Over ten years ago, I remember driving over two hours to get to this wild tropical fish Mecca in the middle of cold Victoria. We caught a selection of hybrid cichlids, and others have caught Oscars and plenty of other cichlids. These tropical fish had been released by fish hobbyists and have been able to survive the cold temperatures and have a self-sustaining population. Subsequently, these fish are considered feral and carried a pest status.
How is it possible? They’re thriving because this is a man-made lake, made to hold water to cool the power plant. So, I felt it was rather awkward to have to buy a fishing permit, to catch these fish. Nevertheless, we did, and were amazed at the different types of fishes we found.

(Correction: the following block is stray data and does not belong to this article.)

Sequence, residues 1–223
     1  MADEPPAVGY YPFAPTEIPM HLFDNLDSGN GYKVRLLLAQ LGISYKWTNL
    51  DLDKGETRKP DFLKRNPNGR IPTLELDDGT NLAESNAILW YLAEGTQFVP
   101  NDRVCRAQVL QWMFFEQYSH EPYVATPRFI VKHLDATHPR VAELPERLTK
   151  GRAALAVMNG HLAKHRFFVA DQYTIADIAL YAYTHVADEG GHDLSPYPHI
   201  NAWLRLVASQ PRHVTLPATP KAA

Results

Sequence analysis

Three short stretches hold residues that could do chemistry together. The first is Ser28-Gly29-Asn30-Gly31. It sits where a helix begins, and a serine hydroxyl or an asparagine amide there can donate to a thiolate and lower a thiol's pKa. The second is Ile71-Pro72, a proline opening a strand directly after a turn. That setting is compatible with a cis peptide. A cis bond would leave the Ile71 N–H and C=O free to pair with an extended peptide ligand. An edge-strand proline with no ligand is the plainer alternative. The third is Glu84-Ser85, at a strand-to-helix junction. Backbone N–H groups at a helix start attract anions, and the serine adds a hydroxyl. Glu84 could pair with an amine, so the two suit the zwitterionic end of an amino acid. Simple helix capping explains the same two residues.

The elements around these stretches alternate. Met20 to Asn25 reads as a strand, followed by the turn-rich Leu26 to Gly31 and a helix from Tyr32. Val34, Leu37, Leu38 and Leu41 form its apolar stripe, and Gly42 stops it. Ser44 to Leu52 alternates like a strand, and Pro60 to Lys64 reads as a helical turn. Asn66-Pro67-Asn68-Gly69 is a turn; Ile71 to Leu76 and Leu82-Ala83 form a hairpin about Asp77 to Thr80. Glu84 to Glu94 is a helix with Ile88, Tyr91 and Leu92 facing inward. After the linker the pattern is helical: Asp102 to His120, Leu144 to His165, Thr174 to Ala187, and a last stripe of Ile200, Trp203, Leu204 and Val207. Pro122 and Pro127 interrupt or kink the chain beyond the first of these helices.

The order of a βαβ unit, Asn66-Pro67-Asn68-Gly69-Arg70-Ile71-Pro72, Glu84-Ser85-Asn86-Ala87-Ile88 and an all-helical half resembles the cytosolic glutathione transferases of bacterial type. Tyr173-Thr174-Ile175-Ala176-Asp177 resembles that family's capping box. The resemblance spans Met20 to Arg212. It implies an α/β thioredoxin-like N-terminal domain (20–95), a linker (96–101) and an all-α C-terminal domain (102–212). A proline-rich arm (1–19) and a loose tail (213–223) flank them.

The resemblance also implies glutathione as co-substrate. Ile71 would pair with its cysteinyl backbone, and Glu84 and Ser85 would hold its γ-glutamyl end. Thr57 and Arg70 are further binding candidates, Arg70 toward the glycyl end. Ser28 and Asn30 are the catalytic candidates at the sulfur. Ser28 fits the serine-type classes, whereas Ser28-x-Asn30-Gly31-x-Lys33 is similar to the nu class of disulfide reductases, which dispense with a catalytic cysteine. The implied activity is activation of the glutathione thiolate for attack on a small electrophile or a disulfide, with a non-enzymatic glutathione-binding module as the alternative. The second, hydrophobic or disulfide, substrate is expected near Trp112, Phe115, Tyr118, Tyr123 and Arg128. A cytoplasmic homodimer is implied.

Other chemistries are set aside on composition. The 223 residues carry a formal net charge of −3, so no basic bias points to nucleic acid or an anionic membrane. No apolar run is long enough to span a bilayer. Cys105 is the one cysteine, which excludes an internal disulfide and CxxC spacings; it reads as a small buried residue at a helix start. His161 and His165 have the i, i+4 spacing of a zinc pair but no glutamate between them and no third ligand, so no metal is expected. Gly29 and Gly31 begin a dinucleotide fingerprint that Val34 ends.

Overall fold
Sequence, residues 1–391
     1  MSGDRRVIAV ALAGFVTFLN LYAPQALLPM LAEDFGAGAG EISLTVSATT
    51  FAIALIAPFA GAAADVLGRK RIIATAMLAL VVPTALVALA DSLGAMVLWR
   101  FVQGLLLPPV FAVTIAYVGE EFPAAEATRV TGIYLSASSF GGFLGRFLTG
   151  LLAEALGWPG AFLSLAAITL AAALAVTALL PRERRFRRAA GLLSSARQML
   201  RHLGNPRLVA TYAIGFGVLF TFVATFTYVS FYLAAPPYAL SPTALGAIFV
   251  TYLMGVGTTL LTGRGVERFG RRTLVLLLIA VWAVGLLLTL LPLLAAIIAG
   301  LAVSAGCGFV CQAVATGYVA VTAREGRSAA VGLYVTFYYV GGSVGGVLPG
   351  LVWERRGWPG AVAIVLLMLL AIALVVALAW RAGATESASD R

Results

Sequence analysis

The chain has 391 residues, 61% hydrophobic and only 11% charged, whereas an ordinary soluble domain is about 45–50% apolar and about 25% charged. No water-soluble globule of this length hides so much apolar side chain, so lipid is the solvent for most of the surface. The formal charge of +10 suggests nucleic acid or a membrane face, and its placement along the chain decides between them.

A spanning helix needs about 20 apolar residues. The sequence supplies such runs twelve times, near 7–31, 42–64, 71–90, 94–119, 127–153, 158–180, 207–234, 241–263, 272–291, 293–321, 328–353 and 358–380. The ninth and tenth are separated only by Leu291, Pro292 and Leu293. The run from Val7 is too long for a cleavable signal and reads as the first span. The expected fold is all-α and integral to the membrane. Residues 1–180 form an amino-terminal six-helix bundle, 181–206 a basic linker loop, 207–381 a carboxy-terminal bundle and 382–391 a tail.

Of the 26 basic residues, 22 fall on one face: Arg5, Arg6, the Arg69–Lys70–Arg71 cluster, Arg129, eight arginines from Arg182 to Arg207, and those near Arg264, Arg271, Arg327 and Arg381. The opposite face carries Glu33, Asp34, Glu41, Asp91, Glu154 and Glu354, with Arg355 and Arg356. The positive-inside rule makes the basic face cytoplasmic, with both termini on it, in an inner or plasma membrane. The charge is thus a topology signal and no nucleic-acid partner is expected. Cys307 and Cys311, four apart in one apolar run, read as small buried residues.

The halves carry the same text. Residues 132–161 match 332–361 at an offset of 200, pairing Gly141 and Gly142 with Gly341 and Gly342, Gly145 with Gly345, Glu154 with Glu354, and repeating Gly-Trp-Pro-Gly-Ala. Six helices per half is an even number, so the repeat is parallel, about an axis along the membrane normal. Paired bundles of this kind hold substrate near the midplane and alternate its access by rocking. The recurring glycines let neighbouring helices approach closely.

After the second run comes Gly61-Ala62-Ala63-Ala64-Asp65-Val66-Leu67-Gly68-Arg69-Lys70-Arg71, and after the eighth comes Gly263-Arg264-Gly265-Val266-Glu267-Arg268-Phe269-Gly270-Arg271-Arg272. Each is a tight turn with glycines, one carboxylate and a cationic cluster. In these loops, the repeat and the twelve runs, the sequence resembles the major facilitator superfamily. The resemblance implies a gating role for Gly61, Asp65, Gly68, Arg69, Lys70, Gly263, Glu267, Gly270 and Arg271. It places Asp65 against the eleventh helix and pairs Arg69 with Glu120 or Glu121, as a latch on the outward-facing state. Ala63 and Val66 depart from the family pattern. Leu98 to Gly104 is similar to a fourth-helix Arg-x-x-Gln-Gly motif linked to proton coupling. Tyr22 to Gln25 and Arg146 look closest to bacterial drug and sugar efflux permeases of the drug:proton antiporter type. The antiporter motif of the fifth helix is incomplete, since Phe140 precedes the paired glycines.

This year, the state government took advantage of this tropical waters to stock with barramundi for the purpose of fishing. What an excellent idea!
Even in New Zealand, there’s a tropical freshwater prawn farm utilising the same idea – http://www.hukaprawnpark.co.nz/
But it sounds like it’s much too late. The Hazelwood power station is scheduled to shut down in the very near future. Bad timing? Was the $150,000 well spent for 5,000 barramundi?
Read more about "Victoria’s short-lived barramundi project, in cooling ponds of Hazelwood power station" at –
Dr Richmond Loh
DipProjMgt, BSc, BVMS, MPhil (Pathology), MANZCVS (Aquatics& Pathobiology), CertAqV, NATA Signatory.
Aquatic Veterinarian & Veterinary Pathologist.
PERTH | MELBOURNE | SYDNEY | TOWNSVILLE
THE FISH VET – AUSTRALIA.
Aquatic Veterinary Medical & Diagnostic Services.
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